In this case, Viewpoint alleges claims against 3Com that are highly similar to claims alleged by a defendant in another case involving 3Com and pending before the undersigned, De Lage Landen Fin. Servs. v. Rasa Floors, LP, 08-cv-0533. Both Viewpoint and the defendant in that case, Rasa, are represented by the same counsel and pled similar facts. Furthermore, 3Com moved to dismiss both Viewpoint and Rasa's claims on similar grounds. As such, the claims and legal arguments made in Rasa are nearly identical to those made in the instant case. This Court issued an opinion in Rasa, dated March 31, 2009, in which it granted in part and denied in part 3Com's motion to dismiss (08-cv-0533, Doc. No. 64). Because the legal arguments are highly similar, this Court will rely on its decision in Rasato determine the Motion in the instant case.
A. Indemnification and Breach of Contract (Counts II and IV)
As explained in Rasa, Viewpoint has presented sufficient facts, which, if true, support a claim for both indemnification and breach of contract. Whether 3Com did in fact assume Capital 4's contractual obligations and which version of the Go Dark Solution was applicable to Viewpoint's situation are questions of fact on which discovery is necessary. The Motion to Dismiss is therefore denied with respect to the indemnification and breach of contract claims.
B. Third Party Beneficiary Claims (Counts V and VI)
The Court's reasoning on the third party beneficiary claim in Rasa also applies in the instant case. Viewpoint has alleged sufficient facts, which this Court must accept as true for purposes of this Motion, that it was an intended beneficiary of the Operations Agreement and First Contract Amendment. Issues related to these contracts requires further discovery, and the Motion to Dismiss is thus denied with respect to the third party beneficiary claims.
C. Violation of Pennsylvania Consumer Protection Law (Count XI)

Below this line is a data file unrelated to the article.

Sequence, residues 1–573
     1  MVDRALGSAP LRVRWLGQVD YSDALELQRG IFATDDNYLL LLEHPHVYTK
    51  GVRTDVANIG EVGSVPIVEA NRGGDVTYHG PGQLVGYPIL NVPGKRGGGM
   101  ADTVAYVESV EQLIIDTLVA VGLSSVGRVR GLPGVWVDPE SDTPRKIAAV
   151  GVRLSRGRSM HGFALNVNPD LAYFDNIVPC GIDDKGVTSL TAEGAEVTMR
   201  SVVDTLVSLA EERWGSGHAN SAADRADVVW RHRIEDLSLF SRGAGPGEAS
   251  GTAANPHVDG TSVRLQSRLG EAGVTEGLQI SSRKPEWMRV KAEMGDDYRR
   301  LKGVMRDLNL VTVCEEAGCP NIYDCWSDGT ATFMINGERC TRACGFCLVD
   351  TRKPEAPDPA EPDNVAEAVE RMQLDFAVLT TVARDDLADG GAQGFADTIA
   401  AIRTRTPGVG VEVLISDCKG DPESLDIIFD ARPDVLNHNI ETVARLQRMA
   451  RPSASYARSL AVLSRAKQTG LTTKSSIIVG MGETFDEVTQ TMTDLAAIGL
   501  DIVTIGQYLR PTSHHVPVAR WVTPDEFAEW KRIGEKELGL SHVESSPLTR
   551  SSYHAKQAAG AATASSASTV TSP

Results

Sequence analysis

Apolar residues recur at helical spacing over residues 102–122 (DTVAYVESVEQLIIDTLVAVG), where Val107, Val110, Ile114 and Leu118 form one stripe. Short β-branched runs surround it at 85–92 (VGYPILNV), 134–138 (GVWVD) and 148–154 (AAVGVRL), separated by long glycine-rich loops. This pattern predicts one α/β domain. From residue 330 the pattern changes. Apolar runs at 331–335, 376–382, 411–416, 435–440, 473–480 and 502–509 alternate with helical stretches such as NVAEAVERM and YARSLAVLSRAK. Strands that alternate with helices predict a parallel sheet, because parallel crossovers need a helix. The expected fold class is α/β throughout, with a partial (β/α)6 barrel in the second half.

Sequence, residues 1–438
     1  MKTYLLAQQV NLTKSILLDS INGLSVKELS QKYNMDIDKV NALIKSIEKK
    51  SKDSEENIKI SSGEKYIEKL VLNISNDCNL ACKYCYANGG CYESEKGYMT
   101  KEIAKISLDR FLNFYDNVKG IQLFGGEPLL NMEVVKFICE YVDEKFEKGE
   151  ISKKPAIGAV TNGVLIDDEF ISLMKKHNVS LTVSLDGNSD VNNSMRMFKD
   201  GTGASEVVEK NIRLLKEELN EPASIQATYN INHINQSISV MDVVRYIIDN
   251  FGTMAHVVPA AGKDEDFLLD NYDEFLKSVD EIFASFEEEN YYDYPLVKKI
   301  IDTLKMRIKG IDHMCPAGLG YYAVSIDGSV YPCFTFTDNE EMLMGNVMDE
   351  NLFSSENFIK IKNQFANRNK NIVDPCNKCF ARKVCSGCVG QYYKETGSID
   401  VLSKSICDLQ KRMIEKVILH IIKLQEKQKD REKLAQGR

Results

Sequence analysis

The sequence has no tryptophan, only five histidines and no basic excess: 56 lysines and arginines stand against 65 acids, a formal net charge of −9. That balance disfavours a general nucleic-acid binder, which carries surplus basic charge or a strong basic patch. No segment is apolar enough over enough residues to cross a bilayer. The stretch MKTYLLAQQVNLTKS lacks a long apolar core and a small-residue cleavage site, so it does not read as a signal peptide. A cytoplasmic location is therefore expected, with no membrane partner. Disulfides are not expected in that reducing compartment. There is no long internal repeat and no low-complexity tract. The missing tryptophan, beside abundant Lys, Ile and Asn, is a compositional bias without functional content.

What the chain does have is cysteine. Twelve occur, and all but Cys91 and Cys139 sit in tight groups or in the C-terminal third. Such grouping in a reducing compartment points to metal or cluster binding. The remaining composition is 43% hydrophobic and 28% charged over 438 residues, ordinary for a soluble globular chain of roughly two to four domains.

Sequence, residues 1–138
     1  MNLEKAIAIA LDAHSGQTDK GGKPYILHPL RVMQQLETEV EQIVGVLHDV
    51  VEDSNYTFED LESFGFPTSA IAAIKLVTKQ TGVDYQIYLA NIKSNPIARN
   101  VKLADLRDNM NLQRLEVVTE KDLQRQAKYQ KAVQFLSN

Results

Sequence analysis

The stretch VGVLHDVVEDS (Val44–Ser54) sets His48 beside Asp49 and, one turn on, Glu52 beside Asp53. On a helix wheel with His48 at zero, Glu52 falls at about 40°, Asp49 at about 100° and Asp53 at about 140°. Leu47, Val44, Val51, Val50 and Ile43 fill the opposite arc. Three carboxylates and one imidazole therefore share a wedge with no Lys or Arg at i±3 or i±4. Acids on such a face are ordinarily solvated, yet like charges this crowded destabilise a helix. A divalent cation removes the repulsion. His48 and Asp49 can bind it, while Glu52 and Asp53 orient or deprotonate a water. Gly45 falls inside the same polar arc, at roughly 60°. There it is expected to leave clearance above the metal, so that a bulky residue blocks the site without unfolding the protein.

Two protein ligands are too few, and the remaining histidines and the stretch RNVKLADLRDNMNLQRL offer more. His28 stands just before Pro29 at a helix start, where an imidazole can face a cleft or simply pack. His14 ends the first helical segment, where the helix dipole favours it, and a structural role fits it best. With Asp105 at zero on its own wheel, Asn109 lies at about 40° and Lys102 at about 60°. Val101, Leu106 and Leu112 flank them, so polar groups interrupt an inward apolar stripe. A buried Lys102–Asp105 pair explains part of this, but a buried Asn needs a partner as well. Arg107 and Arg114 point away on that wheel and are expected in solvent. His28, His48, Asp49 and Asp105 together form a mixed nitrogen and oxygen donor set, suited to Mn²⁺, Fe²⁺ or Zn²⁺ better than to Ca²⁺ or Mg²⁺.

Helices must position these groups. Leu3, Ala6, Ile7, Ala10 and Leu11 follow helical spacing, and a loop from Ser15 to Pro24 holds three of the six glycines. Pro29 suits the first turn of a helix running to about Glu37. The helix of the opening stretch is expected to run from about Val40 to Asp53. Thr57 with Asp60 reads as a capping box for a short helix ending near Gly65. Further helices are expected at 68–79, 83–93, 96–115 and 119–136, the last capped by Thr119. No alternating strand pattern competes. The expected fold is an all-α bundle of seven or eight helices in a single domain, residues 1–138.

Viewpoint concedes that this count should be dismissed, since it purchased or leased the goods or services for business purposes, not the personal, family, or household purposes protected by the statute. 73 P.S. § 201-9.2.
D. Violation of Texas Consumer Protection Law (Count XII)
As explained in Rasa, Viewpoint has alleged sufficient facts that the Partnership, of which it claims 3Com is a member, made certain representations to Viewpoint that it in turn relied upon to support a Texas Deceptive Trade Practices Act claim. This claim is not barred by the integration clause in the Customer Agreement at this stage, since courts have relied on agency theory to support a claim under the Act. Based on Viewpoint's allegations regarding the Partnership, this Court will allow Viewpoint's claim against 3Com for violation of Texas consumer protection law to go forward.
E. Conspiracy to Commit Fraud (Count X)
The Court's analysis of the conspiracy claim in Rasa applies here. Viewpoint has alleged sufficient facts that 3Com was a member of the Partnership, which made the fraudulent misrepresentations to Viewpoint that comprised the necessary predicate act to allege a conspiracy.
However this Court grants leave to amend the conspiracy claim to allege malice or intent to injure as required under Pennsylvania conspiracy law.
F. Violation of RICO (Count XIII)
Finally, as the Court stated in Rasa, it is allowing Viewpoint to replead the RICO claim and file a RICO case statement, as described in the accompanying order.
For the reasons stated above and more fully described in this Court's Memorandum deciding 3Com's Motion to Dismiss in Rasa, this Court will grant in part and deny in part with leave to amend.
The Court issued an Order on March 31, 2009 to this effect (Doc. No. 42).
Michael M. Baylson, U.S.D.J.